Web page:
jubilee


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ju·bi·lee

 (jo͞o′bə-lē′, jo͞o′bə-lē′)
n.
1.
a. A specially celebrated anniversary, especially a 50th anniversary.
b. The celebration of such an anniversary.
2. A season or occasion of joyful celebration.
3. Jubilation; rejoicing.
4. often Jubilee Bible In the Hebrew Scriptures, a year of rest to be observed by the Israelites every 50th year, during which slaves were to be set free, alienated property restored to the former owners, and the lands left untilled.
5. often Jubilee Roman Catholic Church A year during which plenary indulgence may be obtained by the performance of certain pious acts.

[Middle English jubile, from Old French, from Late Latin iūbilaeus, the Jewish year of jubilee, alteration (influenced by iūbilāre, to raise a shout of joy) of Greek iōbēlaios, from iōbēlos, from Hebrew yôbēl, ram, ram's horn, jubilee; see ybl in the Appendix of Semitic roots.]

jubilee

(ˈdʒuːbɪˌliː; ˌdʒuːbɪˈliː)
n
1. a time or season for rejoicing
2. a special anniversary, esp a 25th or 50th one
3. (Roman Catholic Church) RC Church a specially appointed period, now ordinarily every 25th year, in which special indulgences are granted
4. (Judaism) Old Testament a year that was to be observed every 50th year, during which Hebrew slaves were to be liberated, alienated property was to be restored, etc
5. a less common word for jubilation
[C14: from Old French jubile, from Late Latin jubilaeus, from Late Greek iōbēlaios, from Hebrew yōbhēl ram's horn, used for the proclamation of the year of jubilee; influenced by Latin jūbilāre to shout for joy]

ju•bi•lee

(ˈdʒu bəˌli, ˌdʒu bəˈli)

n.
1. the celebration of any of certain anniversaries, as the 25th, 50th, 60th, or 75th.
2. the completion of 50 years of existence, activity, or the like.
3. any season or occasion of rejoicing or festivity.
4. rejoicing or jubilation.
5. (in the Roman Catholic Church)
a. Also called ju′bilee year′. an appointed year or other period, ordinarily every 25 years, in which a plenary indulgence is granted upon repentance and the performance of certain acts.
b. the plenary indulgence granted.
6. a yearlong period observed by Jews in ancient times every 50 years, during which Jewish slaves were freed, alienated lands restored to the original owner, and the fields left untilled. Lev. 25. Compare sabbatical year (def. 2).
7. an African-American folk song concerned with future happiness or deliverance from tribulation.
adj.
8. flambé: cherries jubilee.
[1350–1400; Middle English < Middle French jubile < Late Latin jūbilaeus < Late Greek iōbēlaîos (with assimilation to Latin jūbilāre to shout for joy) « Hebrew yōbhēl ram's horn, jubilee]

jubilee

- Comes from Hebrew yobhel, "ram's horn," which was used as a trumpet to proclaim the jubilee, a year of emancipation and restoration (every 50 years).
See also related terms for trumpet.
ThesaurusAntonymsRelated WordsSynonymsLegend:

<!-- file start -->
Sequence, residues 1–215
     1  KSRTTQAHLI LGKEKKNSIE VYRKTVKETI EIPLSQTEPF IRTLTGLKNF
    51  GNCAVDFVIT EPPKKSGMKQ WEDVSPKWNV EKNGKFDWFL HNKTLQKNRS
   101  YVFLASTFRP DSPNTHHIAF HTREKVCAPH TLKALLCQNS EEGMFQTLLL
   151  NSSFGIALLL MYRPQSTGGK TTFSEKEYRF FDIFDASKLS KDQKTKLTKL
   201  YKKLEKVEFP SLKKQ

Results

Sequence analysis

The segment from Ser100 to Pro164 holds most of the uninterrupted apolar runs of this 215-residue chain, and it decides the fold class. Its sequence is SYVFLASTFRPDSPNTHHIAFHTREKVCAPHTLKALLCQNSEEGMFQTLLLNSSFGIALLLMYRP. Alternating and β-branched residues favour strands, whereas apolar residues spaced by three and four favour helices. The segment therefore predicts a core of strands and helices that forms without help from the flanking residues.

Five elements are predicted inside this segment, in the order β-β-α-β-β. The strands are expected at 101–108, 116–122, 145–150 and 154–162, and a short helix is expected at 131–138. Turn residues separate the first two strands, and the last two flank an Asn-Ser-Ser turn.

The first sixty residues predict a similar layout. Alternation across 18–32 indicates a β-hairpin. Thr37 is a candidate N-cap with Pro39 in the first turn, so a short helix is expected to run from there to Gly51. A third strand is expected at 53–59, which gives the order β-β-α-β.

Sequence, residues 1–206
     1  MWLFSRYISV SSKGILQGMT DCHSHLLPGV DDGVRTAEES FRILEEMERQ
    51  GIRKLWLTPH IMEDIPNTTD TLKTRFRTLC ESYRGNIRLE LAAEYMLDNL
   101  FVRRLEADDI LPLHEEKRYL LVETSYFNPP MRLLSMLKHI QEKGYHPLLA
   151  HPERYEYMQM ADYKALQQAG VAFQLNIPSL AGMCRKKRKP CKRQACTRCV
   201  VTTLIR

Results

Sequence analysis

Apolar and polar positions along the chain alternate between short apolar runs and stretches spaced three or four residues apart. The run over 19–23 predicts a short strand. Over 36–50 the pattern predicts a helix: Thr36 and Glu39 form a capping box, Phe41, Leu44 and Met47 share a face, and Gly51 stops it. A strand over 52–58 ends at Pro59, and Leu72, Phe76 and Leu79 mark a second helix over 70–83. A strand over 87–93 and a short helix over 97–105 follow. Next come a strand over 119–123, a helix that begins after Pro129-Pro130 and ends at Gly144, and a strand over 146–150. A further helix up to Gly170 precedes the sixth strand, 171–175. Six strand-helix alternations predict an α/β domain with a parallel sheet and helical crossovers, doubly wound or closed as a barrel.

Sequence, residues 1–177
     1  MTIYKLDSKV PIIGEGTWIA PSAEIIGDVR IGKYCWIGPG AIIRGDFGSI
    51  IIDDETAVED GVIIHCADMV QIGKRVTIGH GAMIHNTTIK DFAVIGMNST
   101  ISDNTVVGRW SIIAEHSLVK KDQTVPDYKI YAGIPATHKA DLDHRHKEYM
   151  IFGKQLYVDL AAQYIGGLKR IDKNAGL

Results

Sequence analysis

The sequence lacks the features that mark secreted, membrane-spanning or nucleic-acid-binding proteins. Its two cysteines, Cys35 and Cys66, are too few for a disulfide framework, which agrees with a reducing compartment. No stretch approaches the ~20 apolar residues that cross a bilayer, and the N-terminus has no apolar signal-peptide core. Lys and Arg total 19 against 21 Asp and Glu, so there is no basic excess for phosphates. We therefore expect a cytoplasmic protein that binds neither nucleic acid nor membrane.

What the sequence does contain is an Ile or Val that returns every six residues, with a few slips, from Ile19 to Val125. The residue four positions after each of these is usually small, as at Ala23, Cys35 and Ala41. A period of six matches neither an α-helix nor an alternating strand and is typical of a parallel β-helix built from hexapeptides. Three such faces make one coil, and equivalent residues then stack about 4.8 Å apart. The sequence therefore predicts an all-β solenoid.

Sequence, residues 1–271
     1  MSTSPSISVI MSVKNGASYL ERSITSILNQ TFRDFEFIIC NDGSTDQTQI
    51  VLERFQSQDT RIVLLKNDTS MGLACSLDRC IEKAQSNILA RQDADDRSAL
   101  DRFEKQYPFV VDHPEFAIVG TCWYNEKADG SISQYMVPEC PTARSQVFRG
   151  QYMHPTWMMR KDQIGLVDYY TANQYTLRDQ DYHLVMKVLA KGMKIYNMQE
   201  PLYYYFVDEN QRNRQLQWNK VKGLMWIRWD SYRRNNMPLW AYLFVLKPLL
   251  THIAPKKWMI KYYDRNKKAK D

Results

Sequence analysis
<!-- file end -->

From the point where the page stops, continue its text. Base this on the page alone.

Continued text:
Noun1.jubilee - a special anniversary (or the celebration of it)jubilee - a special anniversary (or the celebration of it)
anniversary, day of remembrance - the date on which an event occurred in some previous year (or the celebration of it)
diamond jubilee - an anniversary celebrating the passage of 60 years
silver jubilee - an anniversary celebrating the passage of 25 years

jubilee

noun celebration, holiday, fête, festival, carnival, festivity, gala Queen Victoria's jubilee
Translations
يوبيل
jubileumvýročí
jubilæum
jubilejobljetnica
jubileum
fagnaîarhátíî, afmælishátíî
jubiliejus
jubileja
jubileum
obletnica

jubilee

[ˈdʒuːbɪliː] N (= celebration) → jubileo m; (= anniversary) → aniversario m
silver jubileevigésimo quinto aniversario m

jubilee

[ˌdʒuːbɪˈliː] njubilé m
silver jubilee → vingt-cinquième anniversaire
golden jubilee → cinquantième anniversaire

jubilee

nJubiläum nt

jubilee

[ˈdʒuːbɪˌliː] ngiubileo
silver jubilee → venticinquesimo anniversario

jubilee

(ˈdʒuːbiliː) noun
a celebration of a special anniversary (especially the 25th, 50th or 60th) of some event, eg the succession of a king or queen. The king celebrated his golden jubilee (= fiftieth anniversary of his succession) last year.
References in classic literature ?
cried the family, all in one breath as they clustered about Jo, for these foolish, affectionate people mad a jubilee of every little household joy.
Lady," said Gamut, who, helpless and useless as he was, had not yet dreamed of deserting his trust, "it is the jubilee of the devils, and this is not a meet place for Christians to tarry in.
The year of Jubilee is come,-- Return, ye ransomed sinners, home.
A beggar-woman and her little boy--pale, ragged objects both--were coming up the walk, and I ran down and gave them all the money I happened to have in my purse--some three or four shillings: good or bad, they must partake of my jubilee.
A jubilee of acclamations followed; and even Prince John, in admiration of Locksley's skill, lost for an instant his dislike to his person.
The Jubilee of the Constitution, delivered at New York, April 30, 1839, before the New York Historical Society.
Mistress Dudley is keeping jubilee for the King of England's birthday.
We'll sound the jubilee, from the centre to the sea, And Ireland shall be free, says the Shan-van Vogh.
Some of the symptoms reminded me of the stir produced among the scullions of a large hotel, where a grand jubilee dinner is about to be given.
A day was now given up to jubilee, to celebrate the arrival of Mr.
Peg Barney that cleared out the Blue Lights' Jubilee meetin' wid the cook-room mop last year?
In those days it was considered a sort of crime to part with one's inheritance at any price--and even if a man did part with it, it reverted to himself or his heirs again at the next jubilee year.